BEREA — Coach Hue Jackson says he hasn’t gone soft.
He’s just protecting against soft-tissue injuries, such as hamstring, calf and groin tears.
One of the most interesting moments of the premiere of “Hard Knocks” was an exchange in a coaches meeting between offensive coordinator Todd Haley and Jackson. Haley questioned the practice of resting certain players, citing the need to get mentally tougher as a team and practice as much as possible. Jackson said he can’t afford to be without his best players and shut down the conversation.
Jackson continued to defend the philosophy Sunday.
“So for the last two years we have not had any soft-tissue injuries,” he said. “Our medical staff and myself, we put a plan together. We’ve done this now for two years and we’ve had really good success.
“And I don’t think Todd meant anything by it. I just think from his feeling he’s been different places and everybody has a different way of doing things. It’s just how we do it here and it works for us. The most important part I think is that we keep our players healthy.”
Jackson said he and Haley, whom Jackson hired in the offseason to replace him as the play caller, have a strong working relationship.
“There was no animosity or anything like that. It wasn’t a back-and-forth between Todd and myself,” Jackson said. “Todd gets it. Trust me. That has never come up again. I want our guys to ask questions about those things, but once I explain them then we move forward. That’s the way it works.”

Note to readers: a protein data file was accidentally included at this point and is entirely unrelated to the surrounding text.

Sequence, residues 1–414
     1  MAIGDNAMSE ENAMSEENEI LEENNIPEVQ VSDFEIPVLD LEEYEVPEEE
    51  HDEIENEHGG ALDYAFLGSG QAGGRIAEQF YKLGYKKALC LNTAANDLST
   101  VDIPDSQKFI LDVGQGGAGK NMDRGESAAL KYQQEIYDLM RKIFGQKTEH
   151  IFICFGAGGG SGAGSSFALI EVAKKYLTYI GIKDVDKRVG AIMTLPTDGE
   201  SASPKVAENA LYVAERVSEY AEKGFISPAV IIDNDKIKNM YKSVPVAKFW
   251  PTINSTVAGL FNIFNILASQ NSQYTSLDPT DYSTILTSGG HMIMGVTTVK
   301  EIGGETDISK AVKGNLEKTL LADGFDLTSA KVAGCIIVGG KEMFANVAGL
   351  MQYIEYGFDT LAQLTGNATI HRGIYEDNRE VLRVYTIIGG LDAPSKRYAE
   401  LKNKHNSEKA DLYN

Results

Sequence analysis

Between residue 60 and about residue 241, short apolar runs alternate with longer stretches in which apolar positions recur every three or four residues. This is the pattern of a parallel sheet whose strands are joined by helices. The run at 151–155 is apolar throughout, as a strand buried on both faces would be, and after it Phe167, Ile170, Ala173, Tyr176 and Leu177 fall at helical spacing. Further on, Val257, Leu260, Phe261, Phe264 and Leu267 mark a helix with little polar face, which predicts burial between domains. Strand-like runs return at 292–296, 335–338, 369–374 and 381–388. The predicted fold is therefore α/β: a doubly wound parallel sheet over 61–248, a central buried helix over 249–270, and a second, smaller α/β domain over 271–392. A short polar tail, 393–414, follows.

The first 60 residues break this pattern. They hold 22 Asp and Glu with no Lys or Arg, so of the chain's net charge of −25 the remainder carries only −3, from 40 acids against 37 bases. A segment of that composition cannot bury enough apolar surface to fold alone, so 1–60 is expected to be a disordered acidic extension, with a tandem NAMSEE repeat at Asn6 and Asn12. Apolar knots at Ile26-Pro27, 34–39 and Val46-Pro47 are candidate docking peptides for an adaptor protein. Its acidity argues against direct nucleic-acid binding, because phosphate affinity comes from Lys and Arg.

Jackson wasn’t a believer in sports science when he arrived in 2016. Under former head of football operations Sashi Brown the Browns invested heavily in sports science and became reliant on analytics.
The technology they use tracks player movement in practice and lets the team know when someone is at a danger level for a muscle tear based on activity. If that occurs for a player with an injury history — running back Duke Johnson and defensive end Myles Garrett are examples — he is given a rest day.
“That’s the one piece of analytic information that I really like,” Jackson said, taking a not-so-subtle dig at Brown. “Because I think the data really shows and I had to learn that.”
Jackson said he finds other ways to instill mental toughness in the team.
“It is the environment that you create in practice,” he said. “I think you see we go hard. We bump into each other. We run into each other. I have never been one where we patty cake at practice. We go after it.
“You have to practice physical and tough, but you also have to take care of them because you can’t have it both ways. I think our players understand that I am going to push them, but at the same time, if they are close and if something says there is an issue, we are going to take care of them that way, as well.”
Receiver Jarvis Landry got a lot of publicity after “Hard Knocks” for his profanity-laced speech in the receivers room in which he told them to practice unless they were seriously injured.
“And I don’t know why it’s been going on here, but if you’re not hurt, like if your hamstring ain’t falling off the f—– bone, your leg ain’t broke, you should be f—— practicing,” he said while standing in the middle of the room.
Jackson took the comments in stride.
“With Jarvis, I think he is coming at it from a different angle with his room and his unit,” he said. “I understand that because in order to play receiver, those guys have to run all day. I do not think he meant it for the football team.
“At the same time I have to watch him, too, because we have to keep him up and running, and I think that is important because he is going to be very vital to what we do on offense.”